Todd and Ann Lemke have been named Outstanding Conservationists for 2015 by the Meeker County Soil and Water Conservation District. They were honored at a December 8 luncheon at the annual convention of the Minnesota Association of Soil and Water Conservation Districts in Bloomington, Minnesota.
When the Lemkes first purchased their small farm in northeastern Meeker County, rain run off was causing deep ruts and ravines in the fields. The Lemkes began to investigate what could be done to improve the land and stop the loss of top soil. Buffer strips were added to reduce runoff from the farmland, and windbreaks stopped the fall and winter winds from blowing away the exposed topsoil. Twenty acres of the most eroded part of the field were planted into native prairie grasses and wild flowers.
The Lemkes created wildlife runways of oak and spruce trees. They seeded five acres of trees in a riparian buffer. Working one fall, they collected 60 bushels of black walnuts and acorns, and pails of elm, ash and maple seeds. Using a fertilizer spreader, they broadcast the dried seeds over the field and tilled them in. Ten years later twelve-foot ash and oaks trees and other species now create a woods protecting the heavy clay soil from further wash out.
The Lemkes use their animals to improve the land. Goats were brought in to eat buckthorn, clearing out an acre plot the first year. Pigs helped root the buckthorn out of the soil and prevent new trees from starting. They found that beef cattle had a taste for buckthorn. Larger buckthorn trees were cut down for the cattle to eat the leaves, and the cattle stripped the leaves and top branches off the smaller trees without assistance.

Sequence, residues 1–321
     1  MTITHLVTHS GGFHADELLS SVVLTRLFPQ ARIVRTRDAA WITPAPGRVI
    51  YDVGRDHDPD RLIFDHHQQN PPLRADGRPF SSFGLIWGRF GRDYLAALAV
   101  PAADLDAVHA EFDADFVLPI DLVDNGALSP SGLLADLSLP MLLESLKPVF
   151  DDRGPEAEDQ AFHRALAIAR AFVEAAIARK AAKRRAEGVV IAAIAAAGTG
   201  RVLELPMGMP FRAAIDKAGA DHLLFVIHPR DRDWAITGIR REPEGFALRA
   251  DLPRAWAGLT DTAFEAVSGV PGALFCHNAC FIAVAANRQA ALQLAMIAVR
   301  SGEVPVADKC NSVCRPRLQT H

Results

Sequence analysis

Todd and Ann worked with NRCS staff to create a pasture plan for all but eight of their remaining tilled acres. The seven-year plan, when fully implemented, will provide rotational grazing for the herd of cows and the sheep flock.
Besides the woods and farmland, Ann has worked hard to find other ways to conserve and reduce their impact on the land. The couple put in a 10 KW wind turbine and solar panels which produces about 70 percent of their energy needs.
The latest addition to the Lemke farm has been honeybees. Todd planted strips of clover in the wildlife runways as additional food for the bees as well as replanting a some of the 20-acre native grass area in more wildflower varieties. The hope is to not only provide a better home for their non-native bees but also make more food available for the area’s native pollinators.“Our goals are to improve the land we are responsible for, use the resources it has to offer, and produce great food for our family and friends,” says Ann Lemke. As an added benefit, the native grasses, pastures and windbreaks have brought more wildlife to the area providing better hunting and bird watching.